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From the Way-Back Machine: Heavy Hitters for McCain-onomics

by Tom Bozzo

Time to pile on regarding the 300 economists for the McCain economic plan. I thought it was pretty funny that Douglas Holtz-Eakin signed on — ‘look, boss, I approve of my own plan!’ — and the presences of the likes of Phil Gramm, Kevin Hassett, and John R. Lott Jr. should be viewed as each constituting minus a large number of good economists, so the net number of signatories is close to zero.

The opportunity for confusion, as even Felix Salmon exhibits some, is the presence of undeniably prominent economists on the list. To help in evaluating the significance of there presence, here’s a prediction from quasi-Nobel laureate Gary Becker (signer of the McCain statement), current CEA chair Edward Lazear, and John Bates Clark medalist Kevin Murphy of the Chicago GSB (Lazear and Murphy did not sign):

The evidence is clear: Cutting taxes will have beneficial effects. Tax cuts will keep government spending in check and will provide the incentives necessary to produce a highly skilled, productive work force that enables high economic growth and rising standards of living.

That was from “The Double Benefits of Tax Cuts,” published on the W$J op-ed page on October 7, 2003. Goes to show that the line between being a real economist and a “policy entrepreneur” is a fine one. For some indications of how that has worked out, see e.g. here, here, here, and here from the AB archives.

Meanwhile, leave it to the Rude Pundit to get right to the fundamental contradiction of the list (a very extended, and actually non-rude, excerpt is required):

So John McCain proposes a gas tax holiday and economists almost universally say it’s a stupid idea. In June, McCain, being a reasonable man, chooses to mock the economists: “If you want to call it a gimmick, fine. You know the economists? They’re the same ones that didn’t predict this housing crisis we’re now in.”…

Now McCain has put forth a great and mighty economic plan. Did it yesterday, less than a month after dissing the poindexters. And his campaign has released a letter from, well, who else? Economists who support it. Oodles of them. Guess they know a lot about economics, eh?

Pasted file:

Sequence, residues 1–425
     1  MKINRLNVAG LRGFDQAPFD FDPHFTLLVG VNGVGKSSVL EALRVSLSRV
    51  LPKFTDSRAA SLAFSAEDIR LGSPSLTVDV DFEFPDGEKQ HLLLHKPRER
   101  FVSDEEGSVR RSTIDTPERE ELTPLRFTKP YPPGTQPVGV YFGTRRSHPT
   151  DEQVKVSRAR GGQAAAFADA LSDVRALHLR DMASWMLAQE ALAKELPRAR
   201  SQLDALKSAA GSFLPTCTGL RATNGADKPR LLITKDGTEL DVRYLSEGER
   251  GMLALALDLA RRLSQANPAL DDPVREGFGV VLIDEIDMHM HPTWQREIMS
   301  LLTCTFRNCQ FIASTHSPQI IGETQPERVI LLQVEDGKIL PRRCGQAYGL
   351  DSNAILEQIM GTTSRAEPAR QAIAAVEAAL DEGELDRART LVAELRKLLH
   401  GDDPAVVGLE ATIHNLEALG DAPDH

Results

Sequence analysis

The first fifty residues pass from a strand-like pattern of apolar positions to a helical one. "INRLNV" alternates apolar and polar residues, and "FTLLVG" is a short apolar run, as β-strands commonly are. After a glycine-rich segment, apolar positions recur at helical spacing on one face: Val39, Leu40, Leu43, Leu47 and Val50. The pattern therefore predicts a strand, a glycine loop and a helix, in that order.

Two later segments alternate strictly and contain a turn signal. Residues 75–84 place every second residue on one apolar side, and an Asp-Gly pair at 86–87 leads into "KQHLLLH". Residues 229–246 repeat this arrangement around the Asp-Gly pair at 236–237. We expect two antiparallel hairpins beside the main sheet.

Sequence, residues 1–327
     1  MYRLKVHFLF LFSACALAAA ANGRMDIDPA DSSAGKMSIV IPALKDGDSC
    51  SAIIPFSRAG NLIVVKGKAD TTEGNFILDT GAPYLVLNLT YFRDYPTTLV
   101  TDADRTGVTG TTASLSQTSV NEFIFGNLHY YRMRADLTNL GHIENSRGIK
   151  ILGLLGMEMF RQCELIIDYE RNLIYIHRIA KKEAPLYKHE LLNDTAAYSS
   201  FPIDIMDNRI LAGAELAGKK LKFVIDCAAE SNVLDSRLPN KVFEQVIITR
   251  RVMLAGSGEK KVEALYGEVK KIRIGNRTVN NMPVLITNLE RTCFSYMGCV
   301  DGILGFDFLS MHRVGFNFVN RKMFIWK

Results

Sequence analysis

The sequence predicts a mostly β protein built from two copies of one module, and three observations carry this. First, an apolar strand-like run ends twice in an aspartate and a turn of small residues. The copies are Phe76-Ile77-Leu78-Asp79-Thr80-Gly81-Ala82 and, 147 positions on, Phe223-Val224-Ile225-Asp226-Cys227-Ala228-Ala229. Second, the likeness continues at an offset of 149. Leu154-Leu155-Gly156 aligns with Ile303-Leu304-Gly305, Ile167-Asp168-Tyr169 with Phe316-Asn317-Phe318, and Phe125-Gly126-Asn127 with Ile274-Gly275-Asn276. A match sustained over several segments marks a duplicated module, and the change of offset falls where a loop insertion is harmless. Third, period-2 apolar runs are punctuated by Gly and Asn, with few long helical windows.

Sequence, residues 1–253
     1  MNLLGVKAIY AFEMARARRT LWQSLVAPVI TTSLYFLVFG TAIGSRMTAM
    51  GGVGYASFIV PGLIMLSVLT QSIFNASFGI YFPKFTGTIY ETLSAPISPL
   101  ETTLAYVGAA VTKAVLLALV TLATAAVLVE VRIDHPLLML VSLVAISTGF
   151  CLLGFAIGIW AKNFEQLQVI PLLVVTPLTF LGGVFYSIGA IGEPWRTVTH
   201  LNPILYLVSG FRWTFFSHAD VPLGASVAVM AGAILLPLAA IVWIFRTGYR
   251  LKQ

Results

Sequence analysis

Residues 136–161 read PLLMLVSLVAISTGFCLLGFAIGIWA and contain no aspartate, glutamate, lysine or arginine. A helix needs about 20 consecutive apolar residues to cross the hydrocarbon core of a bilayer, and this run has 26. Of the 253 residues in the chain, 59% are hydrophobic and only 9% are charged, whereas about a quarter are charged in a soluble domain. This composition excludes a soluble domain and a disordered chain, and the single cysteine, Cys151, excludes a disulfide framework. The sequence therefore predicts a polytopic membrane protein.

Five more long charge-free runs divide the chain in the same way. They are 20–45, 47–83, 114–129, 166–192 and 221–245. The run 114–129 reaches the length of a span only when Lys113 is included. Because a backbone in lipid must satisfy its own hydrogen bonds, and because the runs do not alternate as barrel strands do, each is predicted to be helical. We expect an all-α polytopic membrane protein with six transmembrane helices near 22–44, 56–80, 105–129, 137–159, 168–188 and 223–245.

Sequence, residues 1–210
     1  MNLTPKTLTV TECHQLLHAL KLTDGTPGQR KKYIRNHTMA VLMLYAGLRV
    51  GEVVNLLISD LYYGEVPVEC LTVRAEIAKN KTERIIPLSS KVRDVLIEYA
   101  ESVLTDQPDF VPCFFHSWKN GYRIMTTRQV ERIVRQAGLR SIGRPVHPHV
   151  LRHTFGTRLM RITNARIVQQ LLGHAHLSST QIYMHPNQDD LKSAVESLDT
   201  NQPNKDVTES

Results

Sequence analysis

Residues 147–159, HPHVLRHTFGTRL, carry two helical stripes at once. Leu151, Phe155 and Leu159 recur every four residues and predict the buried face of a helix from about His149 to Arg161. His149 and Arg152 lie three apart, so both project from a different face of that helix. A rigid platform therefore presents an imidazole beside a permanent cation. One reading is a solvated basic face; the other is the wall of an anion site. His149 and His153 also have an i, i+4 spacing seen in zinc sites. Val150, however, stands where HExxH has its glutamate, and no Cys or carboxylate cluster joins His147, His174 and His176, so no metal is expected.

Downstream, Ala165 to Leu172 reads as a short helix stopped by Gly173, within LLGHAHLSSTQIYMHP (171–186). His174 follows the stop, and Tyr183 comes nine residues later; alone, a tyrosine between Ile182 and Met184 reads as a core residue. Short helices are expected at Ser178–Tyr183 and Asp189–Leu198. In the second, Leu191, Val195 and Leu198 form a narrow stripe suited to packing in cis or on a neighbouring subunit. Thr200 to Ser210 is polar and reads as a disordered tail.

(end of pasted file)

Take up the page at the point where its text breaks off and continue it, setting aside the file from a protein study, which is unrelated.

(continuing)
…[T]he Rude Pundit chose one of the names at relatively random. University of Chicago’s Gary Becker, who does a blog on, you know, economics… [B]ack in December 2007, Becker says, “The vast majority of economists, including me, were surprised by the extent of the subprime mortgage crisis.”

So, to conclude: for John McCain, economists who didn’t predict the mortgage crisis don’t know what they’re talking about when it comes to a gas tax holiday, but when it comes to his entire economic plan, they’re a-ok. What fun.

Does that qualify as straight talk?

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Broken Clock Day

Yves Smith quotes Thomas Friedman accidentally telling the truth:

Since President Bush came to office, our national savings have gone from 6 percent of gross domestic product to 1 percent, and consumer debt has climbed from $8 trillion to $14 trillion.

Please explain this in the context of the “savings and investment boost” that was supposed to come from the 2001 and 2003 tax cuts.

That means you, Bob McTeer.

Bulldog to bulldog, as it were.

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The Price of Gas will soon be $1.50, right?

This will teach them, right?

H.R. 6377 directs CFTC to use all its authority, including its emergency powers, immediately to curb the role of excessive speculation in the energy and swaps futures markets and take other corrective actions as necessary to eliminate any market disturbance that prevents energy markets from accurately reflecting the forces of supply and demand.

And what long-term supply (h/t Mark Thoma) is that?

As has been noted elsewhere, regulation at the CFTC isn’t in itself a bad idea. Indeed, it’s long overdue. But I’ll go back to Krugman and the FT:

The case for such a policy is based on a flawed concept of how these markets work. Those pushing for restrictions argue that an artificially high demand for essential commodities such as oil and corn has been created by the institutions’ purchase of long positions in futures contracts….

Now, if it were true that pension funds, insurance companies, evil hedge fund managers etc, were all buying large quantities of physical products such as silos of grain and storage tanks of oil, then the peasants with the torches, and their leaders, would have a point. But the investors aren’t buying physical product. [Nonsense about Lieberman being a Democrat omitted; italics mine]

So, if this bill passes the Senate and is ultimately enacted, the CFTC either will prevent some people from buying futures (by some miracle, unless they’re going to do this only for crude contracts, which would mean Lieberman is even stupider than I think he is) or, more likely, change some requirements in the booking, reporting, and buying of such contracts which will make it more difficult for outright speculators.

Now, don’t get me wrong: I fully expect to be paying $1.50 for gasoline in a couple of months: but that will be C$1.50/litre. The odds of those of you staying in the States being able to pay that per gallon—well, I wouldn’t take them. Even if I were “speculating.”

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